Or, if to wit a coxcomb make pretence,
Guard the sure barrier between that and sense ;

REMARKS. laid upon him. In a word, he made his attack upon this periwig, as your young fellows generally do upon a lady of pleasure, first by a few familiar praises of her person, and then a civil inquiry into the price of it; and we finished our bargain that night over a bottle.” See Life, octavo, p. 303. This remarkable periwig usu. ally made its entrance upon the stage in a sedan, brought in by two chairmen, with infinite approbation of the audience. Pot Ver. 170. To this our head like bias to the bowl,

Which, as more pond'rous, made its aim more true,

Obliquely waddling to the mark in diew.] An improvement on Dryden's Mac-Flecknoe :

“ This is that boasted bias of the mind;

By which, one way, to Dulness 'tis inclin’d;
Which makes thy writings lean on one side still,
And, in all changes, that way bends thy will.”

Wakefield.
VARIATIONS.
Ver. 177. Or, if to wit, &c.] In the former Edd.

Ah! still o'er Britain stretch that peaceful wand,
Which lulls th' Helvetian and Batavian land ;
Where rebel to thy throne if Science rise,
She does but shew her coward face and dies :
There thy good Scholiasts, with unwearied pains,
Make Horace flat, and humble Maro's strains :

Or quite unravel all the reas'ning thread,
And hang some curious cobweb in its stead! 180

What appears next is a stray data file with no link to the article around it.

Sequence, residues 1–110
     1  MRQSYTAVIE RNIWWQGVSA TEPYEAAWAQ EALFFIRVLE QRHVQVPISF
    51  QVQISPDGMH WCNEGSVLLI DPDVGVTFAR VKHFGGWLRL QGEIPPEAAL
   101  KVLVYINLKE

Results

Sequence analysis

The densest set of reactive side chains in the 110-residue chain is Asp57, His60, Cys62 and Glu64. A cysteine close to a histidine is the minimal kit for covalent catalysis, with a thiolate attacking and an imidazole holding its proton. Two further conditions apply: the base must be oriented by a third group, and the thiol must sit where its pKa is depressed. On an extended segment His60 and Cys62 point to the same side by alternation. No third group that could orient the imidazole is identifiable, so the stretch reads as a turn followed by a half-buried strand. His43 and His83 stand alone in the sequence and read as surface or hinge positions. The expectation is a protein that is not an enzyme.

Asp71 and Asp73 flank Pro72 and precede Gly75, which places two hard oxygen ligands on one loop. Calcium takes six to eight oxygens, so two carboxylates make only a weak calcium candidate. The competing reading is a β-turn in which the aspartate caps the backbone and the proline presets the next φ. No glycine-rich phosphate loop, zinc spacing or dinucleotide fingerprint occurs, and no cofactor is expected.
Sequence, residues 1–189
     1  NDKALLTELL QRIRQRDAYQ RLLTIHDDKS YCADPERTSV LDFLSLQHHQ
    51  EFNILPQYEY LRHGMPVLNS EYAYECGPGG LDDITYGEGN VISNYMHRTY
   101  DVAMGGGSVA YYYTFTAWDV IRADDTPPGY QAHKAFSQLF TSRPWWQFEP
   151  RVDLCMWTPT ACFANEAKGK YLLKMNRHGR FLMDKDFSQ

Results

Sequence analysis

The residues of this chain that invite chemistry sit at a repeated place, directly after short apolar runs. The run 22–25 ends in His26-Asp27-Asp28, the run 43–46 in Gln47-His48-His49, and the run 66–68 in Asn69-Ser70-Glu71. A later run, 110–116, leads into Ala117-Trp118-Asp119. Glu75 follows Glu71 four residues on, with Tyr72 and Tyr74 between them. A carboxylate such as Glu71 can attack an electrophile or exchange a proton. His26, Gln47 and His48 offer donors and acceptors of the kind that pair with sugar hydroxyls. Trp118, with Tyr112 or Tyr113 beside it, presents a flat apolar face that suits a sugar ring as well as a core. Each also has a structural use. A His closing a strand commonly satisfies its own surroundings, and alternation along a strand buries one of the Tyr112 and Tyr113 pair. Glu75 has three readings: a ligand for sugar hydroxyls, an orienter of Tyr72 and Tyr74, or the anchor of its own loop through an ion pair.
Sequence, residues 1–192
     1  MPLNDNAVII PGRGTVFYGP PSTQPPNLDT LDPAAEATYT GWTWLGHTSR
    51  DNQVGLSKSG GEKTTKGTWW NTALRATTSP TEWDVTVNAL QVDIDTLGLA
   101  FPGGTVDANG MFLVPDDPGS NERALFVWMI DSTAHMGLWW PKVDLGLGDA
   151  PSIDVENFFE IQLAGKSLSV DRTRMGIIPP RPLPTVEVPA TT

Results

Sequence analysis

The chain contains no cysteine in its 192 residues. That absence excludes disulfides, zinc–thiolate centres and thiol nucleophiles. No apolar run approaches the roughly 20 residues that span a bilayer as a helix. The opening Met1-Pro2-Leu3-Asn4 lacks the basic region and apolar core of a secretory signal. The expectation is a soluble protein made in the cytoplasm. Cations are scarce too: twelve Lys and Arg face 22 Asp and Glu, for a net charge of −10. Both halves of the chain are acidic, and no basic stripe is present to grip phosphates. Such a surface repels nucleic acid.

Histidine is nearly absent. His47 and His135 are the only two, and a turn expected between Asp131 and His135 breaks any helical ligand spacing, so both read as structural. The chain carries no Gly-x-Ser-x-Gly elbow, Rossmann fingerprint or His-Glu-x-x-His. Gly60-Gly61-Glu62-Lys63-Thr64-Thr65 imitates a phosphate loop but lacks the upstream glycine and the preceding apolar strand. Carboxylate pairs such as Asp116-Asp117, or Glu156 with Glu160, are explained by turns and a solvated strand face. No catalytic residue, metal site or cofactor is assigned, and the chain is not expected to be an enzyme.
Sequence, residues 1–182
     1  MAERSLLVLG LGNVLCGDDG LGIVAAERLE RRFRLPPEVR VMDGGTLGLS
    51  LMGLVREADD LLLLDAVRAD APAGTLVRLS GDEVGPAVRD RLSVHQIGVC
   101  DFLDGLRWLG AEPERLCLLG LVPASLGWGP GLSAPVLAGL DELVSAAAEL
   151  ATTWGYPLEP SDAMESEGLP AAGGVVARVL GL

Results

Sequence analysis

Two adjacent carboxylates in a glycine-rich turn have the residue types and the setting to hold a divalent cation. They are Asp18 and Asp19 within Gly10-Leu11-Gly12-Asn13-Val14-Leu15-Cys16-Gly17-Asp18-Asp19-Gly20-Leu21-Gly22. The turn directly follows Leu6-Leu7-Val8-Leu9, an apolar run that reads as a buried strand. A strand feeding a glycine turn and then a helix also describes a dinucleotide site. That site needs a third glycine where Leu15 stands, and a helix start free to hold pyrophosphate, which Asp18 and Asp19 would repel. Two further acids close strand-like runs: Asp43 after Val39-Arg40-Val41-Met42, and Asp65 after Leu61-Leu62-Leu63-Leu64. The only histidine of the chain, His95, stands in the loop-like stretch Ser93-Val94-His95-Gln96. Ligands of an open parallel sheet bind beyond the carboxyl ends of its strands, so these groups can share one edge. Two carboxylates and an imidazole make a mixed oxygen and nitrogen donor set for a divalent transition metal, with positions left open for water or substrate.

As, forc'd from wind-guns, lead itself can fly,
And pond'rous slugs cut swiftly thro' the sky;

REMARKS. Ver. 181. As forc'd from wind-guns, &c.] The thought of these four verses is found in a poem of our author's of a very early date (namely, written at fourteen years old, and soon after printed) to the author of a poem called Successio.

W.

VARIATIONS.

Here studious I unlucky moderns save,
Nor sleeps one error in its father's grave;
Old puns restore, lost blunders nicely seek,
And crucify poor Shakespear once a week;
For thee supplying, in the worst of days,
Notes to dull books, and prologues to dull plays.
Not that my quill to critics was confin'd,
My verse gave ampler lessons to mankind:
So gravest precepts may successless prove,
But sad examples never fail to move.
As, forc'd from wind-guns, &c.

W. These lines appear to be better than those in the present text.

Warton. Var. And crucify poor Shakespear once a week.] For some time, once a week or fortnight, he printed in Mist's Journal a single remark or poor conjecture on some word or pointing of Shakespear, either in his own name, or in letters to himself as from others, without name. Upon these somebody made this Epigram:

“ 'Tis gen'rous, Tibbald! in thee and thy brothers,

To help us thus to read the works of others :
Never for this can just returns be shown;
For who will help us e'er to read thy own ?"

P. Var. Notes to dull books, and prologues to dull plays ;] As to Cook's Hesiod, where sometimes a note, and sometimes even half a note are carefully owned by him: and to Moore's Comedy of the Rival Modes, and other authors of the same rank. These were people who writ about the year 1726.

P.